Croatian Wrestler Played Hated Russian
"It might be little known that Peruzovic, once a menacing giant, does fund-raisers for children's hospitals and volunteers for charities that help sick children."
Ex-wrestler finds code of conduct
Bryan P. Sears
Former professional wrestler and now Baltimore County employee Josip Peruzovic (aka Nikolai Volkoff) is flanked by his manager, Nikita Breznikov, right. Photo by Hans Ericsson. Don't let Josip Nikolai Peruzovic's bad guy past fool you.
This big bear of a man, once one of the most hated men in professional wrestling, is a softy at heart.
Peruzovic's alter ego, Nikolai Volkoff, was one of the most disliked professional wrestlers ever to step into the ring. He was so hated, in fact, that a main event bout at Madison Square Garden had to be moved from the end of the card to the fourth match because of safety concerns.
"We had such a hard time getting out of the Garden," said Peruzovic, 55, now a Baltimore County code enforcement officer. "People wanted to kill you."
Known for teaming up with the Iron Sheik, Volkoff angered fans by insulting America and singing a mock "Russian National Anthem" before each match.
But few things in wrestling resemble real life.
While Peruzovic's mother is Russian, he is Croatian by birth and grew up in the former Yugoslavia.
He was on the Yugoslavian weightlifting team until age 18, when he defected after a tournament in Austria.
Peruzovic moved to the United States from Canada a year later.
He knew he wanted to be a professional wrestler. His grandfather had been a champion in Europe before becoming a bodyguard for Austrian Emperor Franz Josef.
But Peruzovic wanted to be a "good guy." It was his manager, "Classy" Freddie Blassy - later known as "The Ayatollah Blassy" - who encouraged Peruzovic to cultivate his bad side.
"I didn't want to be a mean Russian; I wanted to be a clean guy," Peruzovic, who speaks fluent Russian, said. "But Freddie said, 'People will start to hate you, and you'll make money.'"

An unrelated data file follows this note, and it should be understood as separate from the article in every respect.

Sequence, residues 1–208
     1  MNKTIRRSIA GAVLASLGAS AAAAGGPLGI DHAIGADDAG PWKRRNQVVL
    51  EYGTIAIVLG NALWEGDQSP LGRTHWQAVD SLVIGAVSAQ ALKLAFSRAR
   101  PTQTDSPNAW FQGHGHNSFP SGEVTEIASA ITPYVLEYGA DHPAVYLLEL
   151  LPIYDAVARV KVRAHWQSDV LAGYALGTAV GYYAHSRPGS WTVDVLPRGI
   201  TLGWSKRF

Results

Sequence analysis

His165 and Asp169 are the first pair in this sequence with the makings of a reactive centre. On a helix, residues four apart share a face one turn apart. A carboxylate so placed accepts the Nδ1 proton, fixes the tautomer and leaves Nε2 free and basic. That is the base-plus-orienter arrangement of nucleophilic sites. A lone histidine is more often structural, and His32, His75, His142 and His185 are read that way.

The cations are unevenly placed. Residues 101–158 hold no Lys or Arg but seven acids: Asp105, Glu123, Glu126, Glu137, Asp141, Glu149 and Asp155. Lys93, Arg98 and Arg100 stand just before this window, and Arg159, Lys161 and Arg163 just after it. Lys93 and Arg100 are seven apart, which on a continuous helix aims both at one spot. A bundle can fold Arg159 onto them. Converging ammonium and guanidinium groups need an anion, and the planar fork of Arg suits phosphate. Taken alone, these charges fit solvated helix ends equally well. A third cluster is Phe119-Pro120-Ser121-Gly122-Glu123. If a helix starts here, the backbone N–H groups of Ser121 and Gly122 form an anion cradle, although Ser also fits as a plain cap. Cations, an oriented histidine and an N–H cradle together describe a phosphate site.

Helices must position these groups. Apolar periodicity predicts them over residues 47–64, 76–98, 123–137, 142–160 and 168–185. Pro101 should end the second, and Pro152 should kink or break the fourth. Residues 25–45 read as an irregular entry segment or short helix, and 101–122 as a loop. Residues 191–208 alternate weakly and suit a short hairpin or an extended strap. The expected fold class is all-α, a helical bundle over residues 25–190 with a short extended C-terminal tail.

As the Cold War ended, Peruzovic's character softened his image and he began wrestling with fan favorites like Hacksaw Jim Dugan and Sgt. Slaughter.
"I told them, communism is over. I did my job. No more bad guy,'" he said.
Peruzovic, who retired from the World Wrestling Federation - now World Wrestling Entertainment - in 1995, will add one more line to his pro wrestling career Saturday, when he is inducted into the WWE Hall of Fame in Hollywood.
He was also honored March 29 by County Executive James Smith and the County Council for his career achievements.
"Josip is an outstanding Baltimore County employee," Smith said in a news release. "It is a true honor to recognize him upon his induction into the WWE Hall of Fame."
But any similarity between professional wrestling and real life is purely coincidental.
Peruzovic, with his close-cropped hair and bifocals, looks more like a genial grandfather than a pro wrestling antagonist. He has been married for 35 years and is the father of two grown daughters - a teacher and a nurse.
He ended up in Baltimore County after meeting his wife in a Baltimore restaurant following a match in Washington.
"I was hungry and I was waiting for the food and I think she felt sorry for me," Peruzovic said.
When he stands and presents his 6-foot-5-inch barrel-chested frame for inspection, it becomes clear that being in a headlock or bear hold is the last place one would want to be.
To those who know him, Peruzovic in real life is the guy he wanted to be in wrestling.
Since retiring from wrestling, Peruzovic has been a county code enforcement officer, citing residents for not cutting their lawns or keeping their yards and homes up as required by county law.
Not exactly a job that wins friends.
But Councilman Joseph Bartenfelder, a longtime friend, said Peruzovic has made his mark by "treating people the right way."
Once, according to Bartenfelder, Peruzovic was sent to a home in Overlea to write a citation for a homeowner who was not cutting the grass.
The homeowner turned out to be an 87-year-old woman with no family and no way to care for her lawn. Rather than write her a citation, Peruzovic came back after work and cut the lawn himself.
Bartenfelder met Peruzovic nearly 30 years ago, when Bartenfelder was a boy and saw Peruzovic wrestle.
"When I first met him (on the Glen Arm farm of Peruzovic's wife's family), I only knew him as a villain, not as a nice guy," said Bartenfelder, mustering up his best pro wrestler bravado. "I didn't know whether to shake his hand or kick his ass."
Asked if he could have taken Peruzovic, Bartenfelder said, "I made the right choice."
Since their meeting, Peruzovic has volunteered to help on several charitable ventures organized by Bartenfelder - signing autographs and sometimes even more - to raise money from Johns Hopkins Children's Center.